William Portus Cullen

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For other people named William Cullen, see William Cullen (disambiguation).
Sir William Portus Cullen.

Sir William Portus Cullen KCMG (28 May 1855 – 6 April 1935) was Chief Justice of New South Wales, Australia.

Early life[edit]

Cullen was born at Mount Johnston, near Jamberoo, New South Wales, the seventh son of John and Rebecca (née Clinton) Cullen. A brother, Joseph Cullen, was a Member of Parliament for both New South Wales and Western Australia. William was educated at country state schools, including Kiama, and the University of Sydney, where he won a scholarship.

William Cullen graduated B.A. with first class honours in classics in 1880, M.A. in 1882, LL.B. in 1885 and LL.D. in 1887. During his university career he won the University, Lithgow, Barker, and Renwick scholarships, and the John Smith prize.

Judicial career[edit]

Cullen was called to the bar in 1883 and his progress at first was slow. But, he eventually took high rank at the equity bar, and argued with much success before the Supreme Court of New South Wales and the High Court of Australia (an institution whose creation he had vigorously supported). He became a K.C. in 1905.

Political career[edit]

Cullen entered politics in 1891 when he was elected a member of the New South Wales Legislative Assembly for Camden. He was defeated at the 1894 election, and in 1895 was nominated to the New South Wales Legislative Council. Though not a strong party man, or even a politician by temperament, he was a useful member of the house who never spoke unless he could contribute something constructive to the debate. Cullen was a Federationist. In January 1910 he was appointed Chief Justice of New South Wales in succession to Sir Frederick Darley, and in March was appointed lieutenant-governor. Cullen found much business awaiting him at the Supreme Court, but his great capacity for work soon cleared up the arrears. His chief interest from his undergraduate days was the University of Sydney; he was elected a member of the university senate in 1896, vice-chancellor in 1908, and chancellor in 1914. During his early days in the Legislative Council he introduced a bill embodying important reforms in the conduct of the university, although some of these were not brought into effect until many years after. He was elected term after term as chancellor, and when he resigned on account of his health and his advanced age in December 1934, he had been in office for a longer period than any previous chancellor, during a time of great expansion.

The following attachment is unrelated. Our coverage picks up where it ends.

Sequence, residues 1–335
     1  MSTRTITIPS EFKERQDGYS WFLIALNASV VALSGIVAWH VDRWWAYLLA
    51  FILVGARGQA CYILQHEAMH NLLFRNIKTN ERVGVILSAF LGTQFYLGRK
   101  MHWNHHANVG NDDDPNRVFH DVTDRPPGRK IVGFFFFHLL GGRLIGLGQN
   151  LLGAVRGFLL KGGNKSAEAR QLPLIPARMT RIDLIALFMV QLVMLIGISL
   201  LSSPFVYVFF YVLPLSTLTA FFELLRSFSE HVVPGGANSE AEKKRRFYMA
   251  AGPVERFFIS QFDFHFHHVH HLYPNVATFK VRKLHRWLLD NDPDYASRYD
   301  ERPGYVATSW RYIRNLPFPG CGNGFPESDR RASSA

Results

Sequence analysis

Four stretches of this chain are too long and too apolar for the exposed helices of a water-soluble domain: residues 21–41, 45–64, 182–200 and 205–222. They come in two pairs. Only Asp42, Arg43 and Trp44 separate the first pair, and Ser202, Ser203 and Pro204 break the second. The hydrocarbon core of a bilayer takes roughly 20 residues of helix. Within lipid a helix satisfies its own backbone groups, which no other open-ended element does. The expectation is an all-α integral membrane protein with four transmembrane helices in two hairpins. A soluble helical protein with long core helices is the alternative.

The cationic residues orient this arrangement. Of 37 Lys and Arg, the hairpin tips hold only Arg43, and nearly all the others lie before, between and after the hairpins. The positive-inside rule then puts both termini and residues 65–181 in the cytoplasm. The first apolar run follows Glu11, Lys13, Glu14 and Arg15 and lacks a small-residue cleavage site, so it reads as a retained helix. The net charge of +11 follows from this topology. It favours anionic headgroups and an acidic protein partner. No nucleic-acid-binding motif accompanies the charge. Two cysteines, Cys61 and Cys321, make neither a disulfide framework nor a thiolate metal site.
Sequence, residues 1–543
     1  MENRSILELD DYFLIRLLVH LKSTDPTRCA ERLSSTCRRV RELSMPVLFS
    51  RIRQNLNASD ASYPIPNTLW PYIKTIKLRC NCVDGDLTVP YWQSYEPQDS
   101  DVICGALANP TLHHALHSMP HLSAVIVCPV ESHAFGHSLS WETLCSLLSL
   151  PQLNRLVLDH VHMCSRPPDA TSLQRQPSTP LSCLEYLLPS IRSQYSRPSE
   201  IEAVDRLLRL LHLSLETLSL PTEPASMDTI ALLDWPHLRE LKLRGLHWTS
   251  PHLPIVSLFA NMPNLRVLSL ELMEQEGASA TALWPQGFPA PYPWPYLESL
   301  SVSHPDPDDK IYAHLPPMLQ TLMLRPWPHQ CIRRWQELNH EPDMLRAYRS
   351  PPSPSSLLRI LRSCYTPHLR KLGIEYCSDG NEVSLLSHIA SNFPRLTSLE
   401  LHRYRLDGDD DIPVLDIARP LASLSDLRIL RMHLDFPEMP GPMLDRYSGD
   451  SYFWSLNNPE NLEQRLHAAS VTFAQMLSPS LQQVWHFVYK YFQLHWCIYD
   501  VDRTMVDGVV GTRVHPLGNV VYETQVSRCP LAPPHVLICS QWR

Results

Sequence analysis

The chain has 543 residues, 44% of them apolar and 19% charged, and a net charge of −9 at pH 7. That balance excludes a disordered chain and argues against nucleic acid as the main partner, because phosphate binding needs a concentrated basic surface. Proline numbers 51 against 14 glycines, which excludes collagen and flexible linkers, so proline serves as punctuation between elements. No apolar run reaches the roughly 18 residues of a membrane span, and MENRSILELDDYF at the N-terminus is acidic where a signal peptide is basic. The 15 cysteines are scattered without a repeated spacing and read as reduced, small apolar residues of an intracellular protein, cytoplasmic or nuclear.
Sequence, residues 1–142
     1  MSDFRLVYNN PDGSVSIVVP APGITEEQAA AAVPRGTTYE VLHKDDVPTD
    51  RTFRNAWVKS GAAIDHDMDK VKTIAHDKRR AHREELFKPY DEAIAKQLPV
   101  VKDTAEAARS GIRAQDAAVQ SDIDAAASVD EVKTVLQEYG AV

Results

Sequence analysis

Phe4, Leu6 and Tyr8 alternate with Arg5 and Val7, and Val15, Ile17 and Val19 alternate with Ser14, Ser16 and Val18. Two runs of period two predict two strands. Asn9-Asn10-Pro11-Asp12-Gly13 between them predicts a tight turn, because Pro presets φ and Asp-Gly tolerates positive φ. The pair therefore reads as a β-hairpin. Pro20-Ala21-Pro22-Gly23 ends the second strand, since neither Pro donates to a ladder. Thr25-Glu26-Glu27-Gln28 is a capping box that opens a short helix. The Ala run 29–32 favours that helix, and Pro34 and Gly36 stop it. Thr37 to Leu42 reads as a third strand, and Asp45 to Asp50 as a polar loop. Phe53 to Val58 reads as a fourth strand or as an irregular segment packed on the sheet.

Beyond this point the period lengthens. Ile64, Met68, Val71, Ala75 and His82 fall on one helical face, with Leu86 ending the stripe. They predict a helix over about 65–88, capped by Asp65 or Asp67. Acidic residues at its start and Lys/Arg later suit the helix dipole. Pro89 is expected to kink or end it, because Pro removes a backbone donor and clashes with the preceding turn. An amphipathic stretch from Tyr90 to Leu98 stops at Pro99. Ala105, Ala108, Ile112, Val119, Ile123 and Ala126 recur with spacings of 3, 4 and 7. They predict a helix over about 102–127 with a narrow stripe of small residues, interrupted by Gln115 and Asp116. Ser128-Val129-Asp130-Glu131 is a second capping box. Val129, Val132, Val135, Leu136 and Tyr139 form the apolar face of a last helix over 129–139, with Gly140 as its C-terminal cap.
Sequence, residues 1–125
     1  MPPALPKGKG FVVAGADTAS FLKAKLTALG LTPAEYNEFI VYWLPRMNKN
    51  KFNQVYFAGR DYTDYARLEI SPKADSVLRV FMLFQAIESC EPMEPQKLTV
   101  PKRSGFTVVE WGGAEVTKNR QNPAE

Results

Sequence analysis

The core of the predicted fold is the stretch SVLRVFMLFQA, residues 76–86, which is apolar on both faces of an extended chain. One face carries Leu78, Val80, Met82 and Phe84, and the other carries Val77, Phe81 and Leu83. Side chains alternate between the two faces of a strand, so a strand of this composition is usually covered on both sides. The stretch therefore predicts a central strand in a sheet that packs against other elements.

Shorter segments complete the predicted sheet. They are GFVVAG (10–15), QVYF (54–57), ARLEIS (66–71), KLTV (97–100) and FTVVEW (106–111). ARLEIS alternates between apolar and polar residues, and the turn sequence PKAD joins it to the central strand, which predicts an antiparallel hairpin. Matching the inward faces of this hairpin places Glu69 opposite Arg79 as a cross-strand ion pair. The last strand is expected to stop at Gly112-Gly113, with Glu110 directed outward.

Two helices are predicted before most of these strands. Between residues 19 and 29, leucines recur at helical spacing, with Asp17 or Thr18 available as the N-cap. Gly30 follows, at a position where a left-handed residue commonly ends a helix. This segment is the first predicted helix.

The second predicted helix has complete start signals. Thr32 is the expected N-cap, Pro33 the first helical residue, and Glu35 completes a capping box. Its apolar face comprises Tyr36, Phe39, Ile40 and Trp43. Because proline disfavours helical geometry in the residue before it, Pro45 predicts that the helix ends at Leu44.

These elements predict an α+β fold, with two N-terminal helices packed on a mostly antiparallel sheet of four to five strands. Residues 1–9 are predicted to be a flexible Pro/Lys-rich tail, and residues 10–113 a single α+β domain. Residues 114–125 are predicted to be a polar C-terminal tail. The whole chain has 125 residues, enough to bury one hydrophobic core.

Late life[edit]

Cullen retired from the chief justiceship in January 1925 but retained the position of lieutenant-governor until September 1930. He several times acted as governor during the absence of governors from the State or between appointments. He died at Leura on 6 April 1935. He married in 1891 Lily, eldest daughter of the Hon. R. H. D. White, who died in 1931. He was survived by two sons and a daughter. He was knighted in 1911 and created KCMG in 1912.

Cullen was interested in literature, in the Australian flora (Eucalyptus cullenii was named for him), and in social and philanthropic movements. He was a very sound equity and constitutional lawyer who as chief justice worthily upheld the traditions of his court. Cullen was courteous and considerate to juniors appearing before him, and could hold his own with the most experienced barristers. He had great conscientiousness, excellent knowledge of the law and sound judgment, and consequently his judgments were seldom upset.

References[edit]

Serle, Percival (1949). "Cullen, William Portus". Dictionary of Australian Biography. Sydney: Angus and Robertson. 

Legal offices
Preceded by
Sir Frederick Darley
Chief Justice of New South Wales
1910 – 1925
Succeeded by
Sir Philip Street
Government offices
Preceded by
Sir Frederick Darley
Lieutenant Governor of New South Wales
1911 – 1930
Succeeded by
Sir Philip Street
Parliament of New South Wales
Preceded by
Thomas Garrett
Member for Camden
1891 – 1894
Served alongside: Kidd, McCourt
Succeeded by
John Kidd